BLOGacmaintenanceChange the A/C Filter

You can technically get by with changing the air-conditioner filters at the beginning of the Summer and they should be good for the whole season. If you live in a particularly dusty area (country back roads), are being irritated by allergens, or are noticing a lack of performance, changing the filter definitely doesn’t hurt.

Clean the A/C Fins

Your outdoor A/C unit has been exposed to 2-3 months of grass cutting and weed whipping and there’s a good chance the clippings (along with other debris) has found its way lodged into the fins thus impeding air flow. A quick squirt from the garden hose can free up a lot of this blockage. If you forgot about this step as part of your preseason maintenance, a special foaming fin cleaner can be used to remove grease and oil as well.

Clean the Interior of the Condenser/Compressor

When you spray the fins down with water, most of that debris will work its way inside the unit and may have the tendency to build up on the internal condenser and compressor components. Turn off the power to the unit (which you should do for all maintenance), remove the fan cage and suck out the debris with a wet-dry vac.

Fix any Crooked Fins

If your home serves as the neighborhood ball field during the Summer, chances are a foul ball or two has found its way towards the fins of your A/C unit. Bent fins can happen with reckless lawn tractor driving or even in heavy wind and rainstorms. These crooked fins block air flow and reduce efficiency but can be straightened in seconds with a butter knife or flat head screwdriver.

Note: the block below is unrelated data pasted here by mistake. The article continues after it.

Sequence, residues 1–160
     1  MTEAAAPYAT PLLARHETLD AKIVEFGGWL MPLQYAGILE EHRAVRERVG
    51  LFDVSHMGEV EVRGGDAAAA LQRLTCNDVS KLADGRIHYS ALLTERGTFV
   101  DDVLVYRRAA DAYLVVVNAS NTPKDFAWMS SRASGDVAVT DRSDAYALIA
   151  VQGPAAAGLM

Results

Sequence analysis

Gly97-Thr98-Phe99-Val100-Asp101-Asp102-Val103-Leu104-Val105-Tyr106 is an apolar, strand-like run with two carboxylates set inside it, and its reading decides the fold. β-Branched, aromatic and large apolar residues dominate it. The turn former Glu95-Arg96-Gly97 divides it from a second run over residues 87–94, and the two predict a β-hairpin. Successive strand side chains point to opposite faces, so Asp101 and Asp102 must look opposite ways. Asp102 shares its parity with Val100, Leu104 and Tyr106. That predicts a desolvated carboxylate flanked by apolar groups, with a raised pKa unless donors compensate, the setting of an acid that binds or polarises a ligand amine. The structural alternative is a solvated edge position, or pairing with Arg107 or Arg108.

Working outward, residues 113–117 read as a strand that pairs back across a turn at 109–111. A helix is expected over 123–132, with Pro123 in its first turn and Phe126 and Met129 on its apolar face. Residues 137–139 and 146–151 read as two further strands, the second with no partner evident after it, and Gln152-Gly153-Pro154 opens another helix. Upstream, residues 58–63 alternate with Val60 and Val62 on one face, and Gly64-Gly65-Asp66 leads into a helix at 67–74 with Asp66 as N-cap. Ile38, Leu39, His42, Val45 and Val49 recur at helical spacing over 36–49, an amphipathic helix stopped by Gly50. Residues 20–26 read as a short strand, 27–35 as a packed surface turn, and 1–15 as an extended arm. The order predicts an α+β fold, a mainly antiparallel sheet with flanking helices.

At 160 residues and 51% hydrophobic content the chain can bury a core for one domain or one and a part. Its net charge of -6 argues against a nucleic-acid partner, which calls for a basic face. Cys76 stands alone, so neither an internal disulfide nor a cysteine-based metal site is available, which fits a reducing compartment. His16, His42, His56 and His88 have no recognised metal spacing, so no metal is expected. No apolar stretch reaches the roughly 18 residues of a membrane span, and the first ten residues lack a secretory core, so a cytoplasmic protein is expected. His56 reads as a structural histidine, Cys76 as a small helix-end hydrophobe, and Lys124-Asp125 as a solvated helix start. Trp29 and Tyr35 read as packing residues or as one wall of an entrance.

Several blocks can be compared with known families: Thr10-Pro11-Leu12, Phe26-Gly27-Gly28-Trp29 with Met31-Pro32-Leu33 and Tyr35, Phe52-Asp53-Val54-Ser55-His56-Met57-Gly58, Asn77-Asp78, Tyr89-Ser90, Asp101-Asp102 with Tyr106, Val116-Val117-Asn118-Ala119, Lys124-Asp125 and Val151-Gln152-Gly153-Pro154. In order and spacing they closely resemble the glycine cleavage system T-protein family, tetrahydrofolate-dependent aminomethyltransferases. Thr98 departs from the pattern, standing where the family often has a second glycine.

Tidy Up the Indoor Evaporator Components

While the majority of Summer debris will build up on the outdoor compressor unit, while you’re doing midterm maintenance it never hurts to give the evaporator components a quick work over. There is an evaporator coil door on the inside of the blower unit. Once again with the power off, wipe the debris off these coils with a soft brush and then gently spray the area with a safe evaporator cleaner. The cleaner works as a sealant to deflect debris but also has the added bonus of eliminating that wet, musty smell from all the moisture created thus far during the year.

Speaking of moisture, it has to drain somewhere which is why a free-flowing evaporator drain is so important. Algae and mold can build up in the drain line (especially if this preseason maintenance tip was glossed over as well) forcing water to back up onto the floor. You can clear the drain line by pushing (hot water and diluted bleach) or pulling (wet-dry vac).

Once again on the surface these all seem like pretty capable DIY jobs. If you’re at all uncomfortable with any component of your air-conditioner however it’s always best to bring in the pros. The money you spend for a service call can easily be recouped with lower utility bills the rest of the Summer and a fully-functioning A/C that will be primed and ready for next season before you know it.



from
http://elitecomforthomeandcommercial.com/mid-summer-ac-maintenance-tips/